“I knew a lot of (members of The Church of Jesus Christ of Latter-day Saints) and learned more about the church before I committed,” he said. “It didn’t really faze me. I am able to adapt to all situations.”

That includes living BYU’s honor code, he acknowledged.

“Anything that will help the team succeed and win, I am willing to do,” he said. “I am willing to cut back on the things that I am used to doing just to be able to put the team in a position to shine.”

Lassiter said a little homework and a conversation with new BYU QB Kedon Slovis was all it took to commit to BYU over several other suitors.

“It just felt like the right spot for me,” he said. “I would like a big role and be somebody that they can depend on to know what is going on. I want to be able to make that play when we really need it.”

Lassiter, 6-foot-3, 200, has two years of eligibility remaining but hasn’t decided yet whether he will stick around for one season, or two.

UConn transfer Keelan Marion shooting for the moon

Marion’s first contact with someone from BYU wasn’t a coach. It was transfer running back Aidan Robbins. They are “friends from back home in Georgia,” Marion said, and when Marion told Robbins he was looking to leave UConn, the Louisville and UNLV transfer alerted BYU’s coaching staff.

Marion led UConn in receiving as a freshman, but sustained a fractured collarbone in the 2022 opener against Utah State last year and was forced to sit out the remainder of the season.

Connecticut wide receiver Keelan Marion looks to the quarterback during game against Utah State, in Logan, Utah. Marion, a friend of Cougars running back Aidan Robbins, transferred to BYU in the offseason. | Tyler Tate, Associated Press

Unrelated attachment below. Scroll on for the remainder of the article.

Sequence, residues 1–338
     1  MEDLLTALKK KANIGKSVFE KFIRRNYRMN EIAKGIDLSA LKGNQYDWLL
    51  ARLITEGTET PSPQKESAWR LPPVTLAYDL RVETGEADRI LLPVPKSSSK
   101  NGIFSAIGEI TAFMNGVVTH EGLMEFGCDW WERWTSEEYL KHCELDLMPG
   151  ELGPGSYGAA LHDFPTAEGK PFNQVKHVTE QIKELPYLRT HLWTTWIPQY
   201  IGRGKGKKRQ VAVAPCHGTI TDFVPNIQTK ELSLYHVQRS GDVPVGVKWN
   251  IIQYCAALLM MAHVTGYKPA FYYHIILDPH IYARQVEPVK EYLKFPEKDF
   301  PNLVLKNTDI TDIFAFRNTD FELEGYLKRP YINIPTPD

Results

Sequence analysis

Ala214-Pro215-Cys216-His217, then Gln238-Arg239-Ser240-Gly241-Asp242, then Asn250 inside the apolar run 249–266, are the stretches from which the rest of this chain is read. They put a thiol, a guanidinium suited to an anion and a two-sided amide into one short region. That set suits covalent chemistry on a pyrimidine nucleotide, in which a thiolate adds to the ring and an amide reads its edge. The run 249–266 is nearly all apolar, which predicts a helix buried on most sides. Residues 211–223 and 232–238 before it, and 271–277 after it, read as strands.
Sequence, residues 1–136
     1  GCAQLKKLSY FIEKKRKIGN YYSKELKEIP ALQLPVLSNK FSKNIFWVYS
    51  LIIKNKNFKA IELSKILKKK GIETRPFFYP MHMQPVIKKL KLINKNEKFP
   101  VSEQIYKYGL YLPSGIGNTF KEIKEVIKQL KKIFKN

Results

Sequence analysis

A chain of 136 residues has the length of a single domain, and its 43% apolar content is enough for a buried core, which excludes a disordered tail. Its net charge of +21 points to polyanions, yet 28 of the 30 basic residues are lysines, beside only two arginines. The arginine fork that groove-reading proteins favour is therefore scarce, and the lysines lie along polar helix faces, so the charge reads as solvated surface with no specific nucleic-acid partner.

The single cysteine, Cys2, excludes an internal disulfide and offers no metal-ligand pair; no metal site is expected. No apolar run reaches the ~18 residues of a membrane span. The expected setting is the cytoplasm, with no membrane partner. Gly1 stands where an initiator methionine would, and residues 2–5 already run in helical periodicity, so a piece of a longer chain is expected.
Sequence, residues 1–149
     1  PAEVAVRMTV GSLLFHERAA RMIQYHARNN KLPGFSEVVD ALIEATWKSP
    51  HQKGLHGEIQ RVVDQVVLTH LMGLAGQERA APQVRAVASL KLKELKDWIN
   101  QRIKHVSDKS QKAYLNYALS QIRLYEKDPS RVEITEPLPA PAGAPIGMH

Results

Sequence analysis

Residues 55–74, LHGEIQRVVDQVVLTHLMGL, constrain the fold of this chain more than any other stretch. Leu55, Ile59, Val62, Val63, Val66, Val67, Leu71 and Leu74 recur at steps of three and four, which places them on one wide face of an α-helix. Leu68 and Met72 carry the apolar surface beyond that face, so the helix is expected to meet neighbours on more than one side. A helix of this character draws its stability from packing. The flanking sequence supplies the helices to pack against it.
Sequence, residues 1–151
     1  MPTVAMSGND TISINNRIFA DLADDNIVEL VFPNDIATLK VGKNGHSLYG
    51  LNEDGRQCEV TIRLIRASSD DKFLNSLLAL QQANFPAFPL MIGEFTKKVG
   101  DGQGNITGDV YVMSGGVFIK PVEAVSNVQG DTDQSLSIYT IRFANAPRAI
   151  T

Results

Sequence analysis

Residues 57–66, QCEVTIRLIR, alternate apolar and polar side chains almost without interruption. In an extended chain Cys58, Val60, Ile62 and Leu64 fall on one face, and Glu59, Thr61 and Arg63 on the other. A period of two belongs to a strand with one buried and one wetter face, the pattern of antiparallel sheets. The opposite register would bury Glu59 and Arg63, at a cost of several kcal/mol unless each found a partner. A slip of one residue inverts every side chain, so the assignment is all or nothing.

“UConn was full of great guys, (had a) great coaching staff, great atmosphere, but I also felt like I just needed a change,” he said. “I always wanted to compete with the best coming out of high school. … I talked it up with my parents, and decided to enter the portal. God just blessed me with some options and this was the best one.”

Marion committed to East Carolina (Michigan State and UCF also expressed interest) and was seemingly headed to Greenville before having a change of heart.

“I feel like I had made a decision too fast. I talked it over with my parents and I knew where I really wanted to be, but I just made a decision out of just nerves,” he said. “That’s when I took it upon myself and talked it up to my parents and told them I am heading out to BYU.”

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Marion said he was impressed that Fesi Sitake called to congratulate him after he committed to East Carolina, and he didn’t forget that kind gesture when he withdrew his pledge from the Pirates.

“There was never any bad blood or anything,” Marion said. “And once I decommitted, he reached out and it went from there.”

Marion arrived in Provo in early June and moved in with Lassiter and the others. He’s a junior in the classroom, but a sophomore in eligibility with three seasons of eligibility remaining.

“I am ready to roll,” he said. “I am ready for LaVell.”

BYU wide receiver Chase Roberts runs after a catch against Oregon at Autzen Stadium in Eugene on Saturday, Sept. 17, 2022.
BYU wide receiver Chase Roberts runs after a catch at Autzen Stadium during a game against Oregon in Eugene on Saturday, Sept. 17, 2022. | Jeffrey D. Allred, Deseret News